Public and private hospitals like night and day

By Nguyen Hung VT   September 27, 2023 | 06:47 pm PT
Public and private hospitals like night and day
Patients wait for check-ups at a public hospital in HCMC, October 2022. Photo by VnExpress/Quynh Tran
Every trip to a public Vietnamese hospital is a drag, but it is the complete opposite at most local private hospitals.

It has been over a year since I was saved from a stroke. A stent was placed in me, and I learned that three of my heart valves were regurgitated. My spine and my prostate gland are not in the best shape either. I always have to alternate between private and public hospitals. I only dare to come to public hospitals when my health is not too bad, and someone comes with me. But when I feel tired, or when I have to go to the hospital alone, I always go to a private facility.

I go for a heart check-up once every 28 days, among other check-ups for other diseases every month. If I go for all the diagnoses at a public hospital, I have to wait for hours for a check-up or to buy medicine, even if I have already made an appointment. For an senior like me, it's not all that different from torture, having to move around so much in a crowded environment.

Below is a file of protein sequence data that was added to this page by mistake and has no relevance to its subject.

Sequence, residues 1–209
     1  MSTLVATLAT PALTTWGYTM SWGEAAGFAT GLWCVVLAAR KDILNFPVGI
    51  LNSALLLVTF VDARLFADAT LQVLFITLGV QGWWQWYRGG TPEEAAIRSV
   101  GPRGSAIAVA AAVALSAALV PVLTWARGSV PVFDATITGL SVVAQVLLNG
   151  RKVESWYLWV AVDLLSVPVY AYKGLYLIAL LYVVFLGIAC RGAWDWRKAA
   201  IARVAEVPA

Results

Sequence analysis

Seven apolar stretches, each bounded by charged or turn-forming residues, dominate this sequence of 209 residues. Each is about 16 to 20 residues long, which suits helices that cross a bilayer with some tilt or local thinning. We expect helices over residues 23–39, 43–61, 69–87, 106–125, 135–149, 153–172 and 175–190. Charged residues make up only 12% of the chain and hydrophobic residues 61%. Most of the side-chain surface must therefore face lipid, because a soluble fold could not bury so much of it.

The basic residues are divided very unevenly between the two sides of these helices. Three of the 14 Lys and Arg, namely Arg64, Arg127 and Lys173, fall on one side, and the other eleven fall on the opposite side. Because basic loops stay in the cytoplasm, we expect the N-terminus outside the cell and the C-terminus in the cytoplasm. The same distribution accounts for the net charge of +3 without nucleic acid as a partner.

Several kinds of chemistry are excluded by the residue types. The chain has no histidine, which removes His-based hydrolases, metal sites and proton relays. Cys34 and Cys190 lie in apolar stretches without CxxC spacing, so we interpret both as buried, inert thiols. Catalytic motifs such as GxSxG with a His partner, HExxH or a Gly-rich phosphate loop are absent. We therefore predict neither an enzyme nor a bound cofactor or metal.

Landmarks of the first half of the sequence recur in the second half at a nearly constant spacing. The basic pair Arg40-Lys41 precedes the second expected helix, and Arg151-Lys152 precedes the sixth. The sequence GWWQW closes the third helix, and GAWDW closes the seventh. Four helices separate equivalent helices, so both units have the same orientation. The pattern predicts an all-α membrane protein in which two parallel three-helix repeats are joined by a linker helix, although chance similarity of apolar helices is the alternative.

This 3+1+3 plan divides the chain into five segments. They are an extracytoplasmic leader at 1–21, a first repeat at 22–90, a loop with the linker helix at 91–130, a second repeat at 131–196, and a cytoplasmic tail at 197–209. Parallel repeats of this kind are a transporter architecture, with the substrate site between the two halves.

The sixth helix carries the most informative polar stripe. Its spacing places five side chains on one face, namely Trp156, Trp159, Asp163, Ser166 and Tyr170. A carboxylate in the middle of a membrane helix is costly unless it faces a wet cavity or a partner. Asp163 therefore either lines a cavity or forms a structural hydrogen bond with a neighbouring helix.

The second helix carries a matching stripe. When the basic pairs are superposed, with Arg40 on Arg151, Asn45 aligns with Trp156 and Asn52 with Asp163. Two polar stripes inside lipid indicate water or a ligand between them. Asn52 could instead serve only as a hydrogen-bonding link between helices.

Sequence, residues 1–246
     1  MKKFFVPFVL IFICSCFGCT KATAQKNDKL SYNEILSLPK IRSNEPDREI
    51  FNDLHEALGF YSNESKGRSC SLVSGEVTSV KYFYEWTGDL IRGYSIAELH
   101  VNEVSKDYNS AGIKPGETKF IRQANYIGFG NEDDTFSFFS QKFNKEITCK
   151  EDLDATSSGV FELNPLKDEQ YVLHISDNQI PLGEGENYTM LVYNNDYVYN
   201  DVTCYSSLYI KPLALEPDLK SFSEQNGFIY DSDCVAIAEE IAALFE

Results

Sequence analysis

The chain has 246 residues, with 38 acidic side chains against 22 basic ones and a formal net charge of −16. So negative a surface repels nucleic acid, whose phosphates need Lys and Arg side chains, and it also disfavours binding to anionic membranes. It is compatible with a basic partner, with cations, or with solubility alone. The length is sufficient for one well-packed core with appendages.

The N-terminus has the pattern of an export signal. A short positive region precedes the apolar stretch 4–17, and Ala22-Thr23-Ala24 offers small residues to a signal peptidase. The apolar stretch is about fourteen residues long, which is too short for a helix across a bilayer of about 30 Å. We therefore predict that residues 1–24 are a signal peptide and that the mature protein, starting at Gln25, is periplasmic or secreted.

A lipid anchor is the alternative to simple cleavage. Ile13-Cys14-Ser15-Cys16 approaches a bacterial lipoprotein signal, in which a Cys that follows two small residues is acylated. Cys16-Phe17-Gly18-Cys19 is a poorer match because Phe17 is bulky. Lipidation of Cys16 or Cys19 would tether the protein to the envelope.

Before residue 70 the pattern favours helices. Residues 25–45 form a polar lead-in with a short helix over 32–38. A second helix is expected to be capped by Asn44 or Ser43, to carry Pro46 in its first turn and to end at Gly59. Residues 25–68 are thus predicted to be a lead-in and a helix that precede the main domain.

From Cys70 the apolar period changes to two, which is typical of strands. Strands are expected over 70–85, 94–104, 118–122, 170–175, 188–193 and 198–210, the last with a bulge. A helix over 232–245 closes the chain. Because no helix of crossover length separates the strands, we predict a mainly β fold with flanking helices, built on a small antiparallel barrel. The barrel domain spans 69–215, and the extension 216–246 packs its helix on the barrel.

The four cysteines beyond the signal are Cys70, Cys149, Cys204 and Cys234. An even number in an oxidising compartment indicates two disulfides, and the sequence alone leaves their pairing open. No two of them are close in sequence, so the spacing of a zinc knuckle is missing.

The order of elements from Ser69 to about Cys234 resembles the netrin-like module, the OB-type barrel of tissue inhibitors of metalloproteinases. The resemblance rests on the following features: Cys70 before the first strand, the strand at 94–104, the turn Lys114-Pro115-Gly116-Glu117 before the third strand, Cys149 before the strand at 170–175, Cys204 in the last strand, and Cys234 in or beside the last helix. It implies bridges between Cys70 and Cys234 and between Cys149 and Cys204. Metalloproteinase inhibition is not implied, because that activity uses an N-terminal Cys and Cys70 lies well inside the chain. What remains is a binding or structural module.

Every time I go on such a trip to a public facility, I feel as if my diseases get worse. The only saving grace is the fact that my medical insurance covers me quite nicely, so it's cheaper to get a diagnosis than at private institutions.

Meanwhile, when I go to a private hospital, the experience is like daylight after the darkness of a public medical center. Even though it's more expensive to get a diagnosis at a private hospital, every step along the way – from receiving patients to the waiting for a check-up – is done smoothly and quickly. I feel like I'm at home. That's an important feeling to have for any patient. There are many skillful doctors and nurses at private hospitals as well, many of them having transitioned from public facilities. Privately employed, they get overtime pay and their incomes are more appropriate for their workloads.

I believe that due to several factors, including policies and target customers, the infrastructure and service quality is always different between a private hospital and a public one. Each place has its own pros and cons, so I will not put them against each other on a scale. Depending on different people in different circumstances, we each will find an option that is best suited for us.

But I do hope that public hospitals can adjust their operations and offer upon-request diagnosis services, to both meet the demands of patients with better finances, and to improve the incomes of staff members.

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